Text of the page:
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Ready or Not #44: Emergency Information Packets

Updated: Dec 31, 2022

You plan and prepare and plan – and then you find out what you really need. Fortunately, everything worked out, correct medications were given and everyone is well, but it was a big eye opener for me. I have been pretty confident that by carrying a list of the medications and medical history for my family in my purse, and posting another one in my house, I just knew that I was prepared for a medical incident. I guess what I did is better than nothing, but was I ever wrong. You need more; you need to put together an Emergency Information packet.

Imagine this scenario (It has been haunting me): An empty nest, a disabled loved one with advanced Parkinsons disease that needs full-time care, a caretaker that falls ill and can’t call for help. A neighbor/friend drops by to chat that evening and finds the caretaker somewhat unresponsive. Help is called and the caretaker gets well the next day, but in the meantime, the totally dependent loved one needs his/her medication – and by the way, which one is the diabetic? No medical alert bracelet on either one. Oh no.

There are no instructions for the medications except what is on the bottle: “Take 1 capsule per day as directed”. Is that “directed” in the morning or the evening? You have all of the medications gathered together, and you know that he/she needs their medication – but there are 14 bottles, and you don’t have a clue! Let’s even make this more interesting: It is a Saturday evening and the pharmacy has closed, and the doctor never was “IN”.

The dependent one that is being cared for knows they need their medication, but doesn’t know which ones. Dangerous predicament. I was scared because if someone came to our house and tried to figure out how to administer the medications that we need without the proper instructions, it could go bad real fast. Excel spreadsheet to the rescue! I don’t ever want anyone to feel helpless like I did because of lack of information, so I have made two spreadsheets that you can fill out: Emergency Contacts and Medicine Chart. When you get them finished, put all the charts in a plastic bag and tape it to the side of the fridge. Also put a sharp pencil or reliable pen in with it; just trust me when I say that it will be helpful.

The first one, Emergency Contacts, is exactly that — a list of all of the people or places that might be helpful, or would have helpful information, during an emergency. I’ve made an example for you to get an idea of how to set it up. You will want to make sure that you fill out the first section and include all of the people who reside in the house and where they can be reached during the day. This is also a list that you could print off and carry in your wallet or purse.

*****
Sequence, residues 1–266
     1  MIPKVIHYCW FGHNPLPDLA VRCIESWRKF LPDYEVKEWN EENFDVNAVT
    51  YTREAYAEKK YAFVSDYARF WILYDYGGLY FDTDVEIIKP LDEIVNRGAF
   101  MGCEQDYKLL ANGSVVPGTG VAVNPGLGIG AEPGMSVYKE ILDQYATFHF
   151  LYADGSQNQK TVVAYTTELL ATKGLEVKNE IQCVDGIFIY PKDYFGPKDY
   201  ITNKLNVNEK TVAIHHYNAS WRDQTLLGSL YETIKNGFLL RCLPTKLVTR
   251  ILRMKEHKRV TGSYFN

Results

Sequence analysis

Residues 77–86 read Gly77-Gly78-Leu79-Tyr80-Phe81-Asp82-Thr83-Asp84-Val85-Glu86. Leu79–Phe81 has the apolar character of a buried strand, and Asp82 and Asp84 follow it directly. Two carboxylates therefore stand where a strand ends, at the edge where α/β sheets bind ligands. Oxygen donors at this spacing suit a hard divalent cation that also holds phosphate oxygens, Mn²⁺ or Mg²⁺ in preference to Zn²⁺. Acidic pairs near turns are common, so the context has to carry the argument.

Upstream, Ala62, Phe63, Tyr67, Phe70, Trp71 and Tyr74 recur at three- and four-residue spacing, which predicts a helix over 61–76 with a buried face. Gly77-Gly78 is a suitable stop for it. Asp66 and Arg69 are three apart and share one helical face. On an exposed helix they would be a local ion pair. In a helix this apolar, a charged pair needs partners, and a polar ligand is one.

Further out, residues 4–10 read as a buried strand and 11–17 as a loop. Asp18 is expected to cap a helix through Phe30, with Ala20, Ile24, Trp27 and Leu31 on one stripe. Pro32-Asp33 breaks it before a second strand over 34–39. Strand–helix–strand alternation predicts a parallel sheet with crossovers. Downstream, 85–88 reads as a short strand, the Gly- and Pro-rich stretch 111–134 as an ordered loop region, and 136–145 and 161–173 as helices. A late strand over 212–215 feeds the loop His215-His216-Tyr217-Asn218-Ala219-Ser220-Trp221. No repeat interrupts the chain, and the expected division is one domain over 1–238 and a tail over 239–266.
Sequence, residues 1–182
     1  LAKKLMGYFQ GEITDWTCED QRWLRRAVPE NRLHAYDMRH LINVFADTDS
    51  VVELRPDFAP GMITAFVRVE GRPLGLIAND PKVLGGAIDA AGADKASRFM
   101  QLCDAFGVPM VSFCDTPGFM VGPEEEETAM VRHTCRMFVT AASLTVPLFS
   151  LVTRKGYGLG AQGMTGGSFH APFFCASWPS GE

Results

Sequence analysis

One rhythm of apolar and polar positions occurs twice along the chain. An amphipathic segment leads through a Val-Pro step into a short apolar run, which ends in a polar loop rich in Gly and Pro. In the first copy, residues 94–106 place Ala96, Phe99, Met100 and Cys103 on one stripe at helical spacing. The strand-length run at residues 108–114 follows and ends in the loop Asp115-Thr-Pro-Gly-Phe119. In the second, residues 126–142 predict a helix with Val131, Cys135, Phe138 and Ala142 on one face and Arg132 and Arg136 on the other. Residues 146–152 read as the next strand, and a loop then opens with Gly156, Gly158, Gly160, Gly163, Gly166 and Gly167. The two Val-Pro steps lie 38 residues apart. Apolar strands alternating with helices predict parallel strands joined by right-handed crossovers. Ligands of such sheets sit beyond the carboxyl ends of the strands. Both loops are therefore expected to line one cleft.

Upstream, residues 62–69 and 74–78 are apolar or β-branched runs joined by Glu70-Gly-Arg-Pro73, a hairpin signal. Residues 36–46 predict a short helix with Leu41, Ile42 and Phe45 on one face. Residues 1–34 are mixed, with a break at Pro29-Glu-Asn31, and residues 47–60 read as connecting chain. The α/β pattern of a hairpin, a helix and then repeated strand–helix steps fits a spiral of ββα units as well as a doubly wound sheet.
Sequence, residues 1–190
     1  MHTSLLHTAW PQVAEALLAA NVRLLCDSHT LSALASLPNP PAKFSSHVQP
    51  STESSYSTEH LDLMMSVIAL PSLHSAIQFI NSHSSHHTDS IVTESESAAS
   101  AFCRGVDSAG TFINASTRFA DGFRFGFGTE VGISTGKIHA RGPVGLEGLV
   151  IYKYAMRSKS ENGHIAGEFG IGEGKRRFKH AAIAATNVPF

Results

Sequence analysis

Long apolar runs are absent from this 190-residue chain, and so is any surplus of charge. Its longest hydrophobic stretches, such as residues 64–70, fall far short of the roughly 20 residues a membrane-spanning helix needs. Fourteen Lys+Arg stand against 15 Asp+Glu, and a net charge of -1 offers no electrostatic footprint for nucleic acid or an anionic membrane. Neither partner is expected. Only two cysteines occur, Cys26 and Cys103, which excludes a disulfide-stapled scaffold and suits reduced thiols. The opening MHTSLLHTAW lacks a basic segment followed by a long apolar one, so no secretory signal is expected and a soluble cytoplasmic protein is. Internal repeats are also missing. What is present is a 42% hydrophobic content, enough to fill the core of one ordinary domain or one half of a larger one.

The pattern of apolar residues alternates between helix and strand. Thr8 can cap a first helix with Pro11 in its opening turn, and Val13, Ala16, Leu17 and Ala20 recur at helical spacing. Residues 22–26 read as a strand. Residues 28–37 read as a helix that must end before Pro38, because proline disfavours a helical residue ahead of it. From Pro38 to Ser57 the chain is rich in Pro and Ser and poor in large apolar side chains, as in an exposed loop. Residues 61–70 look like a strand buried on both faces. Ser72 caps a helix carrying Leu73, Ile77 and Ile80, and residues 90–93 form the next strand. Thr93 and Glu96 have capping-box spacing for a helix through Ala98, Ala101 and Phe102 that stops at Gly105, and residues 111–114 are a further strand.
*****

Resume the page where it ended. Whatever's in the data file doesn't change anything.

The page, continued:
So, let’s say that one day your neighbor/friend happens to stroll by and drops in to say “hi”, but instead finds you passed out on the floor because you are dehydrated (tsk, tsk- two gallons of water, per person, per day, for a two week period) and finds your loved one, who isn’t dehydrated, but can’t tell you anything. They can’t remember any emergency information, or even what meds they need to take, but they do know they need them.

Well, after you fill the Emergency Contacts list out, you will go on to fill out the Medicine Chart and then you will be ready for such an incident. With the information you have now provided, friends or neighbors will have the information they need to call the people that you think are important during an emergency and they will also have access to the information the emergency personnel need about the proper use and dosage of all of your medications. With this information they will be better able to diagnose and treat you and your loved one and there won’t be a problem of the possibility of over or under-medicating! I am feeling better already because as I was creating this, I was actually filling it out for our family. I am going to sleep better tonight.

And whatever you do, DON’T ALLOW YOURSELF TO GET DEHYDRATED! If you don’t feel well and you are unable to take in liquids and you have stopped urinating, for heaven’s sake, GO TO THE DOCTORS! I’m a little passionate about this because I nearly lost my mother to dehydration. She was sick, but didn’t want to go to the doctors because, “she was going to be okay” and she ended up being literally just hours away from death when she finally did go to the doctors. She was hospitalized for three days. Drink your water, stay hydrated and, again, let’s all say it together: “Two gallons, per person, per day, for a two week period!” …And where is your packet with all of your family’s emergency information? Exactly where it should be – taped to the side of your refrigerator. Now we are all going to sleep better at night.


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